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In the original video, Zarras walks into her boyfriend Robbie's apartment where he is sitting on a couch with three other girls, thus his nickname, couch guy. His unenthusiastic reaction to Zarras' surprise made him the center of conversations on TikTok.
Zarras' video has over 128,000 comments and most are along the lines of "he hugged her like she was his aunt at Christmas dinner" and "You can FEEL the awkward tension bro." In response to the comments on the video, Zarras commented "breaks my heart that people can watch a special moment and bring so much negativity. please think before you assume anything about my relationship."
The reactions to Zarras' video don’t end in the comment section. The video inspired a slew of extremely popular parody videos using the same sound as Zarras' original video, "Still Falling for You" by Ellie Goulding. One parody posted by @mdsnrh is captioned "couch guy on his wedding day" and shows a bride walking into a room where the groom is sitting on a couch with three girls, his mannerisms replicating couch guy's to a tee. The wedding parody has over three million likes and over 16 million views. Another parody posted by @gabriellekraus got more likes than the original and shows the boyfriend she's surprising with another girl.
The couch guy video also prompted users to post their own videos of them surprising their long-distance boyfriends. In these videos the boyfriends are elated to see their girlfriends. When they’re compared to the original couch guy, his disinterest in his girlfriend becomes obvious. The captions on these videos are all something like "how couch guy should have reacted." The most popular of the genre was posted by @gracevanderpool8 and has garnered over 71 million views, surpassing the original video in popularity. Her video is captioned "may I present to you a ~different~ kind of couch guy" as her boyfriend is also sitting on the couch when she surprises him. Her boyfriend is shocked and excited to see her and almost immediately pulls her onto his lap.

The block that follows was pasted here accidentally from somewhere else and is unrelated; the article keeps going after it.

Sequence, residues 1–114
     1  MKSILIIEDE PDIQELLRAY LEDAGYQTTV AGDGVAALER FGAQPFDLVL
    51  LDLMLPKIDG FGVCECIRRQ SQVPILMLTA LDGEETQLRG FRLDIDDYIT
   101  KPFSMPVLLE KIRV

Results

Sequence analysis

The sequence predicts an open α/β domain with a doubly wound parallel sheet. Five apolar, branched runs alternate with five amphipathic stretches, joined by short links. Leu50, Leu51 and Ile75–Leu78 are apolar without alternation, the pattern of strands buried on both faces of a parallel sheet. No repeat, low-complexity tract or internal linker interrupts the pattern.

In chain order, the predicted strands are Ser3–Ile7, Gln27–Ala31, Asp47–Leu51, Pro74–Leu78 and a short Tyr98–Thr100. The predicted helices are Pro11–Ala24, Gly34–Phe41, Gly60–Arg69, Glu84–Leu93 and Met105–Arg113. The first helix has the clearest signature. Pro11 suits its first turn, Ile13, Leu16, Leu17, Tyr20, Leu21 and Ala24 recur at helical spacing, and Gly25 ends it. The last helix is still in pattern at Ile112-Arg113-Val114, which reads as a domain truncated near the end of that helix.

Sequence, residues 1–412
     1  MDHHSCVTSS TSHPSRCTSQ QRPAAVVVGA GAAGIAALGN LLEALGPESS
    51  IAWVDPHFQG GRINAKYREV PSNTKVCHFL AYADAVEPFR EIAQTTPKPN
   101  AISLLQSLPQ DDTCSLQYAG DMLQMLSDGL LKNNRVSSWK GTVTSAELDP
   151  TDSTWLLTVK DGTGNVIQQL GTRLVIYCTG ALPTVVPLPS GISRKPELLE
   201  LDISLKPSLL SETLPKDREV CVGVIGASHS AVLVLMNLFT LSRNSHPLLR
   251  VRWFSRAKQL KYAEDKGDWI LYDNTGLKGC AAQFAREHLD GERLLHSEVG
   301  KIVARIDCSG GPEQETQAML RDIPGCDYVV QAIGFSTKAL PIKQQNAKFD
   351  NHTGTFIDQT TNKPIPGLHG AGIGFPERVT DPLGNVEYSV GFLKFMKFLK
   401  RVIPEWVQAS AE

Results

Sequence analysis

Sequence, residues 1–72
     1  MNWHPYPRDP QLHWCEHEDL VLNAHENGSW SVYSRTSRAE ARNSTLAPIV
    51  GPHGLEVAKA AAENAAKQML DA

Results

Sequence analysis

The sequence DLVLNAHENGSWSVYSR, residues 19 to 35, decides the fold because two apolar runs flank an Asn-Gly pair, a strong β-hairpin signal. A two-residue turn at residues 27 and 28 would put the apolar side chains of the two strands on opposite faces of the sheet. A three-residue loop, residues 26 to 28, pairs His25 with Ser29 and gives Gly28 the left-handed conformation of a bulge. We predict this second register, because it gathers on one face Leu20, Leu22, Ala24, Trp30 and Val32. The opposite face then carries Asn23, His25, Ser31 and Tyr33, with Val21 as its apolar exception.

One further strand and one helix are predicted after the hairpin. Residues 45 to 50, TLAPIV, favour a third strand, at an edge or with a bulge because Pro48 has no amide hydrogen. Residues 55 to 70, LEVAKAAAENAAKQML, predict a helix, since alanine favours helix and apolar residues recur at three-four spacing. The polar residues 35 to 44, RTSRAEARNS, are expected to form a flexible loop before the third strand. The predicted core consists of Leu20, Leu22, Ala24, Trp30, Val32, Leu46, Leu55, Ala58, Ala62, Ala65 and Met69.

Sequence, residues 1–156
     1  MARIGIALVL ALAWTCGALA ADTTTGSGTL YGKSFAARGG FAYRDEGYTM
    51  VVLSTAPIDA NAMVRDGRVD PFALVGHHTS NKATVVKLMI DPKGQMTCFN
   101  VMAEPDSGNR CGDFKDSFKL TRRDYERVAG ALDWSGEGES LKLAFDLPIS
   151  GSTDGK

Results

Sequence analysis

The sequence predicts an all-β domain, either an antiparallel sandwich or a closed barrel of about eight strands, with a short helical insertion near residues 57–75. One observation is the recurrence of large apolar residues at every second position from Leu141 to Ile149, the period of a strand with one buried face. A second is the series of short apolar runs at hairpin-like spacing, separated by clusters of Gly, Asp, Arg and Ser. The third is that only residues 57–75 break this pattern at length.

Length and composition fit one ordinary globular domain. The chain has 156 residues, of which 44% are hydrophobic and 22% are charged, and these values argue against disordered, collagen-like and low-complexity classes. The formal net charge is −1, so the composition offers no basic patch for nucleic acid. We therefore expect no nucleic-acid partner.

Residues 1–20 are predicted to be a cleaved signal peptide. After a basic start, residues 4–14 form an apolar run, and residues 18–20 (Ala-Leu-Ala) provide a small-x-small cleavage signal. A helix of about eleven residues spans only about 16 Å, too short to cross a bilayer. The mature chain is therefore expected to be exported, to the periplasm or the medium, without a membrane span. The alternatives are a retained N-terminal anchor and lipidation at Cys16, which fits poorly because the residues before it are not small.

The real meat of the couch guy videos are people dissecting the original video to prove that couch guy is cheating on his girlfriend or at least not that into her. People are bringing the same energy they brought to trying to solve Gabby Petito's disappearance, but this time they are trying to uncover the truth of a long-distance college relationship. Users are pulling out all the stops to prove that couch guy is up to no good. Some posted slowed down versions of the original video where they analyze the minutia of it.
In a video posted by @kimcastro she makes a popular allegation that couch guy's phone was in the hand of the girl next to him when Zarras arrives. Then the girl subtly passes back the phone. I've seen dozens of videos trying to show her pass the phone, but I still don’t see it and I don't really understand why her holding his phone would prove anything. There are similar videos trying to prove that the girl next to couch guy has her hand on his back. Again I am unconvinced by a zoomed in pixelated photo that her hand was on his back. Another detail users have fixated on is the hair tie on his wrist, the argument there being that couch guy doesn’t have long hair, so the hair tie belongs to one of the girls he's sitting with.
Zarras responded to these theories with a video where she says "y'all are driving me crazy with this phone comment. Not that I should be proving anything to you guys, but just so these stop." She proceeded to do her own slo-mo analysis of the video.
Couch guy broke his silence five days ago with a video where he misused the word parasocial.
Zarras has since released couch guy merch and gone on Barstool Sports' Tea with Publyssity podcast. On Publyssity Zarras said "I posted it thinking it would get like 2,000 views."
"It is crazy that so many people have something to say about it and are so invested," she continued. She used her time on the podcast to defend her relationship with couch guy. She explained that couch guy was in his room five minutes before she arrived and had to be lured out by his roommate. She also clarified that the hair tie on his wrist is actually a magnetic bracelet she got him for Valentine's day and that the girl next to him has her own boyfriend.
I hope that this is the last week of couch guy TikTok because I can't take seeing the same 10 second video one more time. Couch guy spiraled out of control and goes to show that on the internet, people feel like they can comment about your life just because you posted a 10-second video. My favorite TikTok in the couch guy cinematic universe was posted by @josh1morris two days ago and it shows two men aggressively yelling about couch guy. It captures the absurdity of the whole thing.